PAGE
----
j: Without A Softer World I don’t know where I would be! Maybe programming computers, still, working at Google, living the good life? Maybe I would have gone overseas and taught English in Korea, which had been my plan for a long time. I still might. I’m obsessed with Korean movies.


Could you tell us your plans for Anatomy of Melancholy: The Best of A Softer World? With just 5 days to go, you have already raised about 6 times the target amount. Does that mean more plans?

 e: We had a whole pack of stretch goals! Lots of those went to making the book better. Now it’s gonna have a dust jacket, and lots more pages of comics, and all the physical copies will be signed by Joey and I. The most recent stretch goal that we hit says that we’ll put out 5 more comics on the website over the next year! So that should help a bit with the withdrawal.


Which webcomics would you recommend to someone having A Softer World withdrawal?

 j: Dinosaur Comics has always been and always will be the comic that reads the most like a running narrative of the inside of my head. Very early on we made friends with Ryan North, the creator. His comic was so much like ours, in his sense of what was funny, what his VOICE sounded like. It’s not depressing or harsh the way we could be, and so sometimes his wonderful comic felt like looking in a mirror that showed us a better, brighter version of ourselves. Some others that have won my heart are: Nedroid, Fart Party, Gun Show, Kate or Die, Cat and Girl! (Cat and Girl forever!) –  XKCD is another comic where I feel a really strong connection with not just the work, but the creator and his way of seeing the world. Where I see a reflection of myself in it. I guess that draws me to art, seeing my own feelings expressed in a way that would never occur to me. And, in closing, I love Dinosaur Comics.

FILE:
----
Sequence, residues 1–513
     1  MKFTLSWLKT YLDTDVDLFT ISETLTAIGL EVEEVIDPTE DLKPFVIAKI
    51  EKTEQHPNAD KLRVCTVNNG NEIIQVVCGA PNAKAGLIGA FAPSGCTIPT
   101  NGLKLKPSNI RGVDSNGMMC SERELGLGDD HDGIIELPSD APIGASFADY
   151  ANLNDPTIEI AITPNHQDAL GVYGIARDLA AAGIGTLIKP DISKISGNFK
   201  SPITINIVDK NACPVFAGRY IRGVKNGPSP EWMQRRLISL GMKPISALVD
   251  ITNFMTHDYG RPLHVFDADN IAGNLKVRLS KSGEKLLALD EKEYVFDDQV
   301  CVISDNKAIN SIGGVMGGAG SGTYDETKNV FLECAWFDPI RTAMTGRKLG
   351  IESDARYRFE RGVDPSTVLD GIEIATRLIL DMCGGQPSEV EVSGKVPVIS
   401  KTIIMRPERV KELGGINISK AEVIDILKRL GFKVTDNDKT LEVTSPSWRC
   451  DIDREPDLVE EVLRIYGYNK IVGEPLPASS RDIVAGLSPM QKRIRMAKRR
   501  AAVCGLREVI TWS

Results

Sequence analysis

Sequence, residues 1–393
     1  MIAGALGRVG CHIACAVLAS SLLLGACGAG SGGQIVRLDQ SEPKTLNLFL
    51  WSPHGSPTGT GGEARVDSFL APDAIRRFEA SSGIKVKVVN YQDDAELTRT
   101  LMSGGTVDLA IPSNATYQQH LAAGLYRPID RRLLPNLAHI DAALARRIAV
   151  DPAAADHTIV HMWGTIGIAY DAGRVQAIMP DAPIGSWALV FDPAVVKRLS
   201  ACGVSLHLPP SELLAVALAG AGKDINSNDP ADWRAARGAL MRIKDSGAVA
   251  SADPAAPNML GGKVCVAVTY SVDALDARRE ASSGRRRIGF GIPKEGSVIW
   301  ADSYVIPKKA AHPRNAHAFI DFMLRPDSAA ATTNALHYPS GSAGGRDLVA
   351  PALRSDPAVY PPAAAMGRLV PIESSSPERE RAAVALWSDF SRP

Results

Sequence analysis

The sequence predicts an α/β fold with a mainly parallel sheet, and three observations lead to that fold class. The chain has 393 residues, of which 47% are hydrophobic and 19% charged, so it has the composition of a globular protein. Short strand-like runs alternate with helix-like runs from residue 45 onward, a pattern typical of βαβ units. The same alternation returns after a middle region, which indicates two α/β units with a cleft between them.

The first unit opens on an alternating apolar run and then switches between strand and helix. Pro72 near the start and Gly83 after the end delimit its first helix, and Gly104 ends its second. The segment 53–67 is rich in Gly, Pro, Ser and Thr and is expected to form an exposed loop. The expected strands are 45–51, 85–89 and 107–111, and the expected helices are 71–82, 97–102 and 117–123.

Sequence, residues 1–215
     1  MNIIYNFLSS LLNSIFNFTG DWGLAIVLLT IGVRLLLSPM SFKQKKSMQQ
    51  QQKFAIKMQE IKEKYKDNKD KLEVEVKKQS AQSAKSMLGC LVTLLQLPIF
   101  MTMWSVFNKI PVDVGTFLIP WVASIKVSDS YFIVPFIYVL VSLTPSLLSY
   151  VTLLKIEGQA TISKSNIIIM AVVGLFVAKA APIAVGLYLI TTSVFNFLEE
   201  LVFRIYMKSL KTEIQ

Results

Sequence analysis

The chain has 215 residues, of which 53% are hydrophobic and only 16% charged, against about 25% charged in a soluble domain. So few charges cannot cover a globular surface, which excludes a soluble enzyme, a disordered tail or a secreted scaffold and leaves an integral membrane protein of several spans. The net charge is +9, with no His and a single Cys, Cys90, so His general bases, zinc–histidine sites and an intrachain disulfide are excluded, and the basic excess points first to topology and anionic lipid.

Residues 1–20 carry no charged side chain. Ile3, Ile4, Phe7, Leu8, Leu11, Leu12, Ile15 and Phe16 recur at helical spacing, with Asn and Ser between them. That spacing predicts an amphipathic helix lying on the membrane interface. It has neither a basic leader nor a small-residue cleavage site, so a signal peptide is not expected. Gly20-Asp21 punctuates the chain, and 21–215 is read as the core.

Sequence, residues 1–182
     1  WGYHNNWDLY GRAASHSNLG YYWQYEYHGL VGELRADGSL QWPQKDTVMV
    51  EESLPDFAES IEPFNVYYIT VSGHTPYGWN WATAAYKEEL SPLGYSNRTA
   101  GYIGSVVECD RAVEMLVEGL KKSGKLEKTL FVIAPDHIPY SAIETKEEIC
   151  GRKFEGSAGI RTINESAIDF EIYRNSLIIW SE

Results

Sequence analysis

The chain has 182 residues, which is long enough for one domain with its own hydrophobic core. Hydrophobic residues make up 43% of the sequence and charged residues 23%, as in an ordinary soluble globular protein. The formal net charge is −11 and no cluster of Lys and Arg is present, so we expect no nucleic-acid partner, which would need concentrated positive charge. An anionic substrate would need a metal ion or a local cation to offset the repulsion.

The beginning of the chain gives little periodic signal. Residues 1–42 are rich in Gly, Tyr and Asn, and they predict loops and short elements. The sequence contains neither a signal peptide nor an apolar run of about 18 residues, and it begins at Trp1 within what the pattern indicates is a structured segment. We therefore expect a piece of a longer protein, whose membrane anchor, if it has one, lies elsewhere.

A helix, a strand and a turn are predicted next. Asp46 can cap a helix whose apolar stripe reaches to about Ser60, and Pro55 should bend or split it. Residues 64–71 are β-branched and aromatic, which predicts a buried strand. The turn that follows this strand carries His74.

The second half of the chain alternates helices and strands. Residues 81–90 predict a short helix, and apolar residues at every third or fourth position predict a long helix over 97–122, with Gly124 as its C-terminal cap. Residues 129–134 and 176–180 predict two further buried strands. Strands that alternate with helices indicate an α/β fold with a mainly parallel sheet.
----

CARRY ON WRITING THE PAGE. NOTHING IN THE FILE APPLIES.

e: Oh geez there are so many good comics out there! We both really love Nedroid, which has the sweetest and best depiction of friendship between two weirdos ever recorded. There’s a new comic called Jerkface A-Hole that’s about angsty teens dealing with Big Feelings, and it’s great! I will always love Julia Wertz’s work, she’s dry as fuck and draws a heck of a building. No seriously, her architecture backgrounds are always amazing.


Any ideas for the matching tattoos you’ll be getting?

e: oh there’s LOTS of ideas, but most of them are absurdly terrible. We haven’t decided what our ASW tattoos will be yet, but we’ve got some time to think about it, since we will get them together and we’re not in the same city right now!


For A Softer World withdrawal, visit the archives here.


Interview by Manisha , Shalmi Barman and Subhajit Das.